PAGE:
- In a large sauté pan, pour enough water to cover the bottom by about 1/8 inch. Over medium heat, cook the salt pork in the pan until the water evaporates, stirring occasionally. Once the water is gone, reduce the heat to medium-low, and continue to cook the salt pork until much of the fat has rendered out of it. Add a tablespoon of butter and continue to cook the salt pork unti the pieces are browned and crispy. Use a slotted spoon to remove the salt pork pieces to a large Dutch oven or other large, thick-bottomed, lidded pot.
- Increase the heat to medium-high. Working in batches so that you do not crowd the pan, brown the beef. Leaving space around each piece of sizzling meat ensures that it browns and does not steam. Don’t move the pieces of beef in the pan until they get a good sear, then turn them so they can get browned on another side. Take your time. This will take 15-25 minutes, depending on how large a sauté pan you have. Once browned, remove the beef from the sauté pan and place in the Dutch oven with the salt pork.
- When all the beef has browned, add the shallots, the one chopped carrot, and the chopped porcini mushrooms if using. Stir in the pot to remove any browned, stuck-on bits in the pan. Cook for 2-3 minutes, then add the garlic and the tomato paste. Cook another 2-3 minutes, stirring frequently.
- Add the brandy and stir to combine. Boil down by half, then add the strained mushroom soaking water (if using). Scrape any remaining browned bits off the bottom of the sauté pan and pour the contents of the pan into the Dutch oven.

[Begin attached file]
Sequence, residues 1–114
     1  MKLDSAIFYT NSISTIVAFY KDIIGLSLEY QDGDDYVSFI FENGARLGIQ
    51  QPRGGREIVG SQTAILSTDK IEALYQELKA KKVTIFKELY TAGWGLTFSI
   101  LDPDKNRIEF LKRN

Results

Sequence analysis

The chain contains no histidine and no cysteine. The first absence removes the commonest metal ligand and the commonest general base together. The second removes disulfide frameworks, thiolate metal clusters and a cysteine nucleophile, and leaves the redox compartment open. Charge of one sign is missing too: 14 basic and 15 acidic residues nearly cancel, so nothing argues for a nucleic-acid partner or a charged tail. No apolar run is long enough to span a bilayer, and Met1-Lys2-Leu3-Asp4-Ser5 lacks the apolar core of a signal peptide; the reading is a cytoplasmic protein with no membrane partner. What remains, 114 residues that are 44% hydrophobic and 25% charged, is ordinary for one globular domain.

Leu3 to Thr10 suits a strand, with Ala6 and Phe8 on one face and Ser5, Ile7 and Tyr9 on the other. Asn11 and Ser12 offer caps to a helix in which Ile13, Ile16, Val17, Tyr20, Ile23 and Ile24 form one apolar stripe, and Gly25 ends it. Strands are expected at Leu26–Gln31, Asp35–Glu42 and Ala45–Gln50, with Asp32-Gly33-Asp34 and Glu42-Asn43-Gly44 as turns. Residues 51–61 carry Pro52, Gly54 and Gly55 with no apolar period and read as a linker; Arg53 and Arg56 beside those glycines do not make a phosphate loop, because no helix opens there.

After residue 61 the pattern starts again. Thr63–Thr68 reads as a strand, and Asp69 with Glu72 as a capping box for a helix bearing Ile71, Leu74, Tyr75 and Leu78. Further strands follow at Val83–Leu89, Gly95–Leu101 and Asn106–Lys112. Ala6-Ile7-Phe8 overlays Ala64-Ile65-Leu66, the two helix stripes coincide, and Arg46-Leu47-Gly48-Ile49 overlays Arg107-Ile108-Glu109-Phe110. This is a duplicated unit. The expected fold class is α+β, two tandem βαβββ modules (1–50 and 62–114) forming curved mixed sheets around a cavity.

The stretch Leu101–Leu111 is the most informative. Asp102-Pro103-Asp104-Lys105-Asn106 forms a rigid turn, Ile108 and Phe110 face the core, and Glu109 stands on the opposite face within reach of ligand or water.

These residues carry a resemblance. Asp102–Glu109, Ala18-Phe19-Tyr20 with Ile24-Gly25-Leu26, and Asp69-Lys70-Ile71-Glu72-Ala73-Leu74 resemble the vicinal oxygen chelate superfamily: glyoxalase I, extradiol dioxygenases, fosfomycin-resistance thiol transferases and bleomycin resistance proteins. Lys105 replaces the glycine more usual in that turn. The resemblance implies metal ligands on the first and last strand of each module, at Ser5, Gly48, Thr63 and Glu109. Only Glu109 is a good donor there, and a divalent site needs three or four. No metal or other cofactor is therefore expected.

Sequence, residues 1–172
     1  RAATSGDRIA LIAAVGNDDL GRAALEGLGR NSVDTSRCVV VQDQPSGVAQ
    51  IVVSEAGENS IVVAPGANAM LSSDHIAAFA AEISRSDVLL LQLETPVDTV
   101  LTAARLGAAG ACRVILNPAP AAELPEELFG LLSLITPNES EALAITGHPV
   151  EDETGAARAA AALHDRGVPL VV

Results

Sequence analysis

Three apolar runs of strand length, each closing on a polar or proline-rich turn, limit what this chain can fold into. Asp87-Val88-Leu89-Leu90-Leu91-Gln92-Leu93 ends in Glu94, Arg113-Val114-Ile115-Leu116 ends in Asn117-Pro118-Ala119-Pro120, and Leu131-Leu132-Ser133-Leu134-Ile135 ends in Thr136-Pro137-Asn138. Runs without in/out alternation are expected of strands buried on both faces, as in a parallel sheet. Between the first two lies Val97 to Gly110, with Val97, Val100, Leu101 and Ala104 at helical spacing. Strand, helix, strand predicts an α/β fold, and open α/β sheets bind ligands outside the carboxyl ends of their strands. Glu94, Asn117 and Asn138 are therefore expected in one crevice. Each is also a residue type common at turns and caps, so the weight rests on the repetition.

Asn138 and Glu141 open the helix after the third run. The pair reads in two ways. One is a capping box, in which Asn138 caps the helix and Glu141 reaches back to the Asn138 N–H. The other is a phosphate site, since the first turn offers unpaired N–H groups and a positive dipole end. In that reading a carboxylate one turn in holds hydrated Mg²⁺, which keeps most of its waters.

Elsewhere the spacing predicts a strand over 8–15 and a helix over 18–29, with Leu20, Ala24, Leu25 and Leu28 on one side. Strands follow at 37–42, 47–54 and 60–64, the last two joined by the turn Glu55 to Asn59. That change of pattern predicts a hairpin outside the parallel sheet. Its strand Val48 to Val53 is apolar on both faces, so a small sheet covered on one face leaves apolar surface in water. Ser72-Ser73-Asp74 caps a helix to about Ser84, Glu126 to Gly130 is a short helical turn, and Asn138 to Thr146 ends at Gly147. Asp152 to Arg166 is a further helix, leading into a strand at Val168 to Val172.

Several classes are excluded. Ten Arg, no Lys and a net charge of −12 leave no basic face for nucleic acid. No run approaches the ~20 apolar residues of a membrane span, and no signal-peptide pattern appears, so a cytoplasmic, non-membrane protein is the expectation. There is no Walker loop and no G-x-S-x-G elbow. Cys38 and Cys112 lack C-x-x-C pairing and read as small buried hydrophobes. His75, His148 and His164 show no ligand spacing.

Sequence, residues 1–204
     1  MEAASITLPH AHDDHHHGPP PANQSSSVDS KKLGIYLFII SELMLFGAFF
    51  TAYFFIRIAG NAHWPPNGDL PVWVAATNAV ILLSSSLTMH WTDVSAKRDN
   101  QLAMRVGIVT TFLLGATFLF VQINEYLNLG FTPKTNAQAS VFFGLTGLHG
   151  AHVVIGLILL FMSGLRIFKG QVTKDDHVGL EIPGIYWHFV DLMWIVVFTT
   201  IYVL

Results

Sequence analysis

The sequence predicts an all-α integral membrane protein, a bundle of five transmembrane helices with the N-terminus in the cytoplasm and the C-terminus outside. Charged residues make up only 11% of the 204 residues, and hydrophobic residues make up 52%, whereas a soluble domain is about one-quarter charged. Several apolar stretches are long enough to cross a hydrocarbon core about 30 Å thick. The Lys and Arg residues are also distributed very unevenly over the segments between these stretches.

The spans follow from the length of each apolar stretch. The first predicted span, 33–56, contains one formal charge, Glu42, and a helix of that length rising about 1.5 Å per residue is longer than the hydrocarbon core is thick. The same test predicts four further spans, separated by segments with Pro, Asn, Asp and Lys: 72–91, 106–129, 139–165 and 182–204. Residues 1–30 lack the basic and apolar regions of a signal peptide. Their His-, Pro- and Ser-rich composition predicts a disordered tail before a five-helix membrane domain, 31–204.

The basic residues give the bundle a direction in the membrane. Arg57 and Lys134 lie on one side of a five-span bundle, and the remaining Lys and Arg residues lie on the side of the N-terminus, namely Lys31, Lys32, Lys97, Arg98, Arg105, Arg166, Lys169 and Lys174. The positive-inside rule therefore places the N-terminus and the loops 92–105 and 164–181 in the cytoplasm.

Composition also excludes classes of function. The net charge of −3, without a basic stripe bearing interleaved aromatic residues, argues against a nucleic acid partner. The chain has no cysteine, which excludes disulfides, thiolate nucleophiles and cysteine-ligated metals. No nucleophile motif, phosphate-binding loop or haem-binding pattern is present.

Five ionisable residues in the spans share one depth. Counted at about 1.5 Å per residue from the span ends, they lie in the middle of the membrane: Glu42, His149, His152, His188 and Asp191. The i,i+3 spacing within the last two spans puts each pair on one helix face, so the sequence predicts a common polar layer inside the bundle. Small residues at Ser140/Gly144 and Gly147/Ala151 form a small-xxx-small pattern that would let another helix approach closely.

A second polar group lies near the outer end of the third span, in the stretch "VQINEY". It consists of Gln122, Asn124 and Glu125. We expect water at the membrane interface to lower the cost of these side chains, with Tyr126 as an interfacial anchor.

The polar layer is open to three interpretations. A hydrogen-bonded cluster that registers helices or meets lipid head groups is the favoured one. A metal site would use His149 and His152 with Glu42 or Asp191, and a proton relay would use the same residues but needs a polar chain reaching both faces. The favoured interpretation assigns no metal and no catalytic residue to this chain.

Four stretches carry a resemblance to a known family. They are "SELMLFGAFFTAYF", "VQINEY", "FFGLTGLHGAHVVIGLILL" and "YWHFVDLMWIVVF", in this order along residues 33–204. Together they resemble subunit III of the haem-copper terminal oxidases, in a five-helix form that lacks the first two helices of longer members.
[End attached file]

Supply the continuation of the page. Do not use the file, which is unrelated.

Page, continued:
- To the Dutch oven add the bottle of wine and enough beef stock to almost cover the beef; the beef pieces should be barely poking up out of the liquid. Add the parsley, bay leaves, thyme and cloves. Cover and bring to a bare simmer. After 1 hour, add the second carrot, peeled and cut into chunks of 1-2 inches. Continue cooking for another hour, or until the beef is tender.
- Meanwhile, trim the tough stems off the shiitake, cremini, or button mushrooms and slice into 2-3 large pieces; small mushrooms leave whole.
- Prepare the pearl onions – Boil them in their skins for 4-5 minutes. Drain and submerge in a bowl of ice water. Slice the tips and root ends off the onions and slip off the outer skins.
- When the beef is tender, use tongs to remove all the beef and the chunks of carrots; set aside in a bowl. Strain the contents of the Dutch oven through a fine-meshed sieve set over a medium pot. This will be the sauce. Boil the sauce down, tasting frequently. If it begins to taste too salty, turn off the heat. Otherwise, boil down until you have about 3 cups. Turn off the heat.
- Heat a large sauté pan over high heat and add the mushrooms. Dry sauté the mushrooms over high heat, shaking the pan and stirring often, until they release their water, about 4-5 minutes. Add the pearl onions and 3 tablespoons butter and toss to combine. Sprinkle salt over the onions and mushrooms. Sauté until the onions begin to brown. Remove from heat.
- Returning to the sauce, reduce the heat to medium and whisk in the beurre manie. Whisk in a third of the paste, wait for it to incorporate into the sauce, then add another third of the beurre manie, and so on. Do not let this boil, but allow it to simmer very gently for 2-3 minutes. Stir in the remaining 2 tablespoons of brandy. Taste for salt and add some if needed.
- I served with egg noodles and it knocked me on my feet – so damn good! But you could also serve on a good crusty loaf or with mashed potatoes. Enjoy – you sure deserve it at this point!